Cartesian Creatures: Watching Ourselves Watching the World
I propose that a scientific account of perceptual consciousness decomposes into two sub-problems: the conceptual problem of reframing our internal, first-personal perspective in external, thirdpersonal terms, and the scientific one of providing a theory that accounts for the phenomenon reframed in this way. In this paper I consider both aspects of the problem, drawing on the ideas of Dennett and Metzinger. For the first part, I use Dennett's method of heterophenomenology to argue that perceptual experience should be understood as a structured space of possible behaviours. On this view, each phenomenal 'detail' that we consciously apprehend is not quintessentially private, but rather a reflexive affordance: an opportunity to behave, perhaps covertly, about how the world looks, sounds, or feels from our perceptual vantage point. I then present a novel argument in favour of a higher-order, self-representationalist account of this aspect of our phenotype, along the lines of Metzinger's phenomenal model of the intentionality relation (PMIR). I conclude with the suggestion that a conscious organism has a design which is distinctly Cartesian in flavour: a self-simulating agent able to observe itself perceiving.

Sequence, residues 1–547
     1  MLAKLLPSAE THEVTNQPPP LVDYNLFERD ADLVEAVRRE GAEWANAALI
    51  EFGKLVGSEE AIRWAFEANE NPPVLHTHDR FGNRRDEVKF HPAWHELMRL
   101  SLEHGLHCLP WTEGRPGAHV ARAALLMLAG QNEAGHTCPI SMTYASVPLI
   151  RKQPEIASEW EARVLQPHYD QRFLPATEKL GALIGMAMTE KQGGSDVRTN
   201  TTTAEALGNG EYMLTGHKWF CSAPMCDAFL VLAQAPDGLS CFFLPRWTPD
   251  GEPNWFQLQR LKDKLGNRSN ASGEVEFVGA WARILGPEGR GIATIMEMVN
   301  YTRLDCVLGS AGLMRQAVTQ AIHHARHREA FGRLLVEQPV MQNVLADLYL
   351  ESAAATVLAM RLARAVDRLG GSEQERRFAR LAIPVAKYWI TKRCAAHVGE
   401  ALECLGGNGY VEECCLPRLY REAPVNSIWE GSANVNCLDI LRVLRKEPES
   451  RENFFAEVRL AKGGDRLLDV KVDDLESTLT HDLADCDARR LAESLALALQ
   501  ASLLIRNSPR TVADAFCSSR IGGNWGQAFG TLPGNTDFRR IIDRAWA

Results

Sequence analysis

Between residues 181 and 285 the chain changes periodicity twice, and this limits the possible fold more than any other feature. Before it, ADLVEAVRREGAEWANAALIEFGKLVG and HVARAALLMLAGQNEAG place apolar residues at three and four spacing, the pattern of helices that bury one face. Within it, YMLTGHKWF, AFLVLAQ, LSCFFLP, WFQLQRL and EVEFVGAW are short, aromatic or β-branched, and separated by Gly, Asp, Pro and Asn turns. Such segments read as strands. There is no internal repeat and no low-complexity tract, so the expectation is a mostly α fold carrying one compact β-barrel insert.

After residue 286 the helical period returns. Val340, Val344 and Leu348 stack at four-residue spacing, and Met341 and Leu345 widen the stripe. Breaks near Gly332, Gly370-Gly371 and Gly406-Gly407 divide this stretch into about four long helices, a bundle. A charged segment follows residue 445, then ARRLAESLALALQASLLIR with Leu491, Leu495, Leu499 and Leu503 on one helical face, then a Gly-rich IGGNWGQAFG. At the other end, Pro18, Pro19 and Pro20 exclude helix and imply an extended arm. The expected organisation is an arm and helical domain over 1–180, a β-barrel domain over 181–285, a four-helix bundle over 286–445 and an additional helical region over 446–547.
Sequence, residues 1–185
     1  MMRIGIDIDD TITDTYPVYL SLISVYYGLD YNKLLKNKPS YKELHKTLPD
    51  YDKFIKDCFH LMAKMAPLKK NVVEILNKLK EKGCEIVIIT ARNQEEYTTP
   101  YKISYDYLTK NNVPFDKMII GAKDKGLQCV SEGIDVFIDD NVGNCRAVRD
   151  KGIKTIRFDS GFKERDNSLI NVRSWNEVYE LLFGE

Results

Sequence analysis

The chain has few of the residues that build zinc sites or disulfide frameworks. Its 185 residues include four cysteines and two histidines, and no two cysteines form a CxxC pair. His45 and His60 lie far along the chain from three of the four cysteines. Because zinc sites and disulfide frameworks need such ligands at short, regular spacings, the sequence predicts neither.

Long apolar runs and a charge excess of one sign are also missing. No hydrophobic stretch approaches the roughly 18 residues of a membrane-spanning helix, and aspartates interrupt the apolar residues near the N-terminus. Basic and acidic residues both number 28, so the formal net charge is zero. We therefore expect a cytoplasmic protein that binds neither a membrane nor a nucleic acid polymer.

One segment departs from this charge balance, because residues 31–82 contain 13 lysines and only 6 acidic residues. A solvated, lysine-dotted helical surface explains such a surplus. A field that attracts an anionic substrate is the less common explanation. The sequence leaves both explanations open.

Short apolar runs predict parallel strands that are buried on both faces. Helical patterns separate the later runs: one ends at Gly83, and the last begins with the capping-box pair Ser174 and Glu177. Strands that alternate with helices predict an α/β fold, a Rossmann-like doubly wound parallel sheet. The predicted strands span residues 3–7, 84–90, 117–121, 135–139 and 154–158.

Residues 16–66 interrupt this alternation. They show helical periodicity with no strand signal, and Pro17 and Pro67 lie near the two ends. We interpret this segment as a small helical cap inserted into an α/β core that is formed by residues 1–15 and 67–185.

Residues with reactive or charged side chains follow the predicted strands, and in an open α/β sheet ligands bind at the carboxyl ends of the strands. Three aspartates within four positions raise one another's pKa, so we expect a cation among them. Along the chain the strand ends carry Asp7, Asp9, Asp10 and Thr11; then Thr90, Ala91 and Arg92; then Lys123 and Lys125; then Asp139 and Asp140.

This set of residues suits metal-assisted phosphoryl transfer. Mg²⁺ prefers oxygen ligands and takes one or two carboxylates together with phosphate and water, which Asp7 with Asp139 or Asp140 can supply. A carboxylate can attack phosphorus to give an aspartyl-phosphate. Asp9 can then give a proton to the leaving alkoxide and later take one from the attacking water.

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Document Type: Research Article
Affiliations: The Alan Turing Institute, 96 Euston Rd, Kings Cross, London NW1 2DB., Email: [email protected]
Publication date: January 1, 2019